This is the photo of two famous bridges on the East River between Brooklyn and Manhattan. The bridge on the left is the older, more famous Brooklyn Bridge and the bridge on the right is the Manhattan Bridge. I took this from Brooklyn in an area sometimes referred to as 'dumbo' a short name for 'Down Under the Manhattan Bridge Overpass' - someone clearly made that up in their free time.
Anyway, it was one of my first excursions to Brooklyn just to take pictures and things went ok, not as great as I had expected but I did manage to take 2 or 3 keepers. This is one of them.
The strange thing about this photo is how the wide-angle lens has completely warped the perspective on it. You look at it and you 'd think that the bridge sort of converge into Manhattan but the opposite is true. The bridges diverge into Manhattan from Brooklyn. This strange distortion is created by the very wide 16mm focal length on a full-frame camera. The decent reflection in the water is due to the very long exposure of 188 seconds and too only because I had a 3-stop neutral density filter or I would have needed about 9 minutes to take this shot. Rivers are really hard to freeze in night shots as they are moving constantly. Ponds and lakes are more suited for this type of photography. Keeping the lens open for that long often creates too much noise and an unavoidable shake even on sturdy tripods.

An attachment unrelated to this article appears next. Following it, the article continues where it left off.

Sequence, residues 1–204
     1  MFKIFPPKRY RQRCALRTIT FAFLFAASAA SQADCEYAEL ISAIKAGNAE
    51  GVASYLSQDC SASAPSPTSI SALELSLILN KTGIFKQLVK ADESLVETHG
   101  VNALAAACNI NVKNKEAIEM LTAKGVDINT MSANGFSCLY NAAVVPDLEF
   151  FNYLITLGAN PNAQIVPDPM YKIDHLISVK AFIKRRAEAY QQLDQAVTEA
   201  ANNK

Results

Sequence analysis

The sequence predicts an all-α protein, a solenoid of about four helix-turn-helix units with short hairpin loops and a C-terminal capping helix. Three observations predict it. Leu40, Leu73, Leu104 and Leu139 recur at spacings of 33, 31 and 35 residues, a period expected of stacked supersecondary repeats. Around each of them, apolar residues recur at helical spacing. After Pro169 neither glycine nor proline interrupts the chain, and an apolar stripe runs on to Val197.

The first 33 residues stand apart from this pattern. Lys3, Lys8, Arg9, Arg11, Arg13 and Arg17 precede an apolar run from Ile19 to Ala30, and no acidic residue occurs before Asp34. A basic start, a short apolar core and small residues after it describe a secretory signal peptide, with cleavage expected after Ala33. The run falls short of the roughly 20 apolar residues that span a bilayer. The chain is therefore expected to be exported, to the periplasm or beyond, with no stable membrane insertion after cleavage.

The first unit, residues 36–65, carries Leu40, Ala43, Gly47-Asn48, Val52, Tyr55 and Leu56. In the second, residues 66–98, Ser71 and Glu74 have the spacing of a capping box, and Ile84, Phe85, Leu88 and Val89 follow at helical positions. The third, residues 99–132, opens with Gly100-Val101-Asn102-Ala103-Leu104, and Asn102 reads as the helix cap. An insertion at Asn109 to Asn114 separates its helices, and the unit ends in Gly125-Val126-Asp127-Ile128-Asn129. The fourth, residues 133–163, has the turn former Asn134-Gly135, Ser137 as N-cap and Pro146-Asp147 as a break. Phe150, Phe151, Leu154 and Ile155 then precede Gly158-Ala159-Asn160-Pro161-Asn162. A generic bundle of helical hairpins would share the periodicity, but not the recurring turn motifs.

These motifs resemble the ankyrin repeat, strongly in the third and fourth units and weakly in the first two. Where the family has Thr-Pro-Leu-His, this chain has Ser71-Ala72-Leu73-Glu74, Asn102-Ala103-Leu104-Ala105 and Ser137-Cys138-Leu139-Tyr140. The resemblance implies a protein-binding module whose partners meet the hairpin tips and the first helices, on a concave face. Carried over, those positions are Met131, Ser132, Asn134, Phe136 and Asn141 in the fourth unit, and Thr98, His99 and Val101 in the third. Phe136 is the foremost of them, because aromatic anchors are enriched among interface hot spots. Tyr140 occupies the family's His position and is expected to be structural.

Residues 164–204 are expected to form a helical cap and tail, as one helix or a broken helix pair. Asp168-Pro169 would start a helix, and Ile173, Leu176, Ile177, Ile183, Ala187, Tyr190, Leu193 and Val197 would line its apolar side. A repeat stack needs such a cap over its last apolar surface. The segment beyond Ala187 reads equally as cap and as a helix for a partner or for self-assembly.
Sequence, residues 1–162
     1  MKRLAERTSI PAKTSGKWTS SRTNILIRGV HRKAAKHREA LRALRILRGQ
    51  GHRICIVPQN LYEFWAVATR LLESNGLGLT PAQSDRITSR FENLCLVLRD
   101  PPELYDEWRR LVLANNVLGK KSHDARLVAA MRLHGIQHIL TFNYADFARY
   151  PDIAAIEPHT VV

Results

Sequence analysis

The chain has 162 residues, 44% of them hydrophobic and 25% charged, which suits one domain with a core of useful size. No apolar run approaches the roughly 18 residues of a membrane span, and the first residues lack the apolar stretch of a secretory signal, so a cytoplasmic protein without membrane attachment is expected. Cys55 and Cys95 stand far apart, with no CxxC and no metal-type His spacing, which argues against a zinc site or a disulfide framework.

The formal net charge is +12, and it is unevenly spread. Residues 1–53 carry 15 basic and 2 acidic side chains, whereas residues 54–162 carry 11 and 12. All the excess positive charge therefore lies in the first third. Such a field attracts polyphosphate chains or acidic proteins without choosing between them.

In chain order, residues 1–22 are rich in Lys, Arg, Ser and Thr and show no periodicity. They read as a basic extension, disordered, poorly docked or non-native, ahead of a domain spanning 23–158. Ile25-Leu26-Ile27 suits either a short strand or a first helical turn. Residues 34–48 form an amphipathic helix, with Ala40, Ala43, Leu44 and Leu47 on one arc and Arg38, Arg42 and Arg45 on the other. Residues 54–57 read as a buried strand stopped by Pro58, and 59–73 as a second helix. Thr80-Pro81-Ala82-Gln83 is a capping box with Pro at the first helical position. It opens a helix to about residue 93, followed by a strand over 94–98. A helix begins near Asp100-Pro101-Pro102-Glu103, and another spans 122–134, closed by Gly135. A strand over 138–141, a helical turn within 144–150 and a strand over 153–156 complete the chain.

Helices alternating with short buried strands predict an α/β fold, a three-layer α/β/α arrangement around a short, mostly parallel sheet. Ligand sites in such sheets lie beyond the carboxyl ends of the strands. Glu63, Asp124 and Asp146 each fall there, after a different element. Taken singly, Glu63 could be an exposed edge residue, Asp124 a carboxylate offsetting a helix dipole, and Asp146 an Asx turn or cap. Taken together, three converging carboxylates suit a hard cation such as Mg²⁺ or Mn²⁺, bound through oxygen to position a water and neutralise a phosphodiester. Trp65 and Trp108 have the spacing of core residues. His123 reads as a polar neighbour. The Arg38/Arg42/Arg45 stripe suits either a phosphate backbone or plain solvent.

On the editing front -- there wasn't much to do. I don't really know good technique to edit night shots. I mostly played with colors a little bit and with white balance to get the blues back. I cropped it to a widescreen 16x9 but that is clearly not enough. This photo needs to be a panaroma. I need to loose all the dull water at the bottom of the image. Just think the image gets too small to fully appreciate on the web if you make it a panorama.
Anyway, it was a fun trip and I'd love to do it again if I get a chance. Apart from opportunities for photography, it is a beautiful place that everyone must visit on their trip to New York or if they live nearby.